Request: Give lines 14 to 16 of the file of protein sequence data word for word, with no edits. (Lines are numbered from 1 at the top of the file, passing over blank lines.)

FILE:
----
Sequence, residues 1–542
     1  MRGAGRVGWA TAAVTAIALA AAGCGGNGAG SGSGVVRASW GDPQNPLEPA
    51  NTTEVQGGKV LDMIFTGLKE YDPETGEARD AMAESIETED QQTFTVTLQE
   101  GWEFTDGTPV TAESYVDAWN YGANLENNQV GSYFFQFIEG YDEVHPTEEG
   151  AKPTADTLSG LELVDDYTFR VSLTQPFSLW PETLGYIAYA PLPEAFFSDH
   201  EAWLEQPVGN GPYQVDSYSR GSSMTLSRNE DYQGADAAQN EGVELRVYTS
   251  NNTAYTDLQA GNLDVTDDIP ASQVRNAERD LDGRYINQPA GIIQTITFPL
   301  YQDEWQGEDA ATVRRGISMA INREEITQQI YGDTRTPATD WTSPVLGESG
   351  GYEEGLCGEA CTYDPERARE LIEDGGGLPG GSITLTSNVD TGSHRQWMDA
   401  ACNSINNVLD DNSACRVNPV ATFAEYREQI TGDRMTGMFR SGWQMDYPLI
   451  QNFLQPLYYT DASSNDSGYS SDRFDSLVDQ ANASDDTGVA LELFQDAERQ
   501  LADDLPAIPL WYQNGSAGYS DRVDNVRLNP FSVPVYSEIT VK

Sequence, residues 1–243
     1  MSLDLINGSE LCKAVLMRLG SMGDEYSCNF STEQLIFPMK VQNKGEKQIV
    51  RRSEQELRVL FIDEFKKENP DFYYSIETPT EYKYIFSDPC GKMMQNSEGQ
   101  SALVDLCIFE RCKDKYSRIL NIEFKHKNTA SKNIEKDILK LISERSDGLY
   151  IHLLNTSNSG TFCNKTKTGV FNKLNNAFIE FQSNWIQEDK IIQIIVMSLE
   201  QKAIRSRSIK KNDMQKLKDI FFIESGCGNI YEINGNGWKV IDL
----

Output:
     1  MSLDLINGSE LCKAVLMRLG SMGDEYSCNF STEQLIFPMK VQNKGEKQIV
    51  RRSEQELRVL FIDEFKKENP DFYYSIETPT EYKYIFSDPC GKMMQNSEGQ
   101  SALVDLCIFE RCKDKYSRIL NIEFKHKNTA SKNIEKDILK LISERSDGLY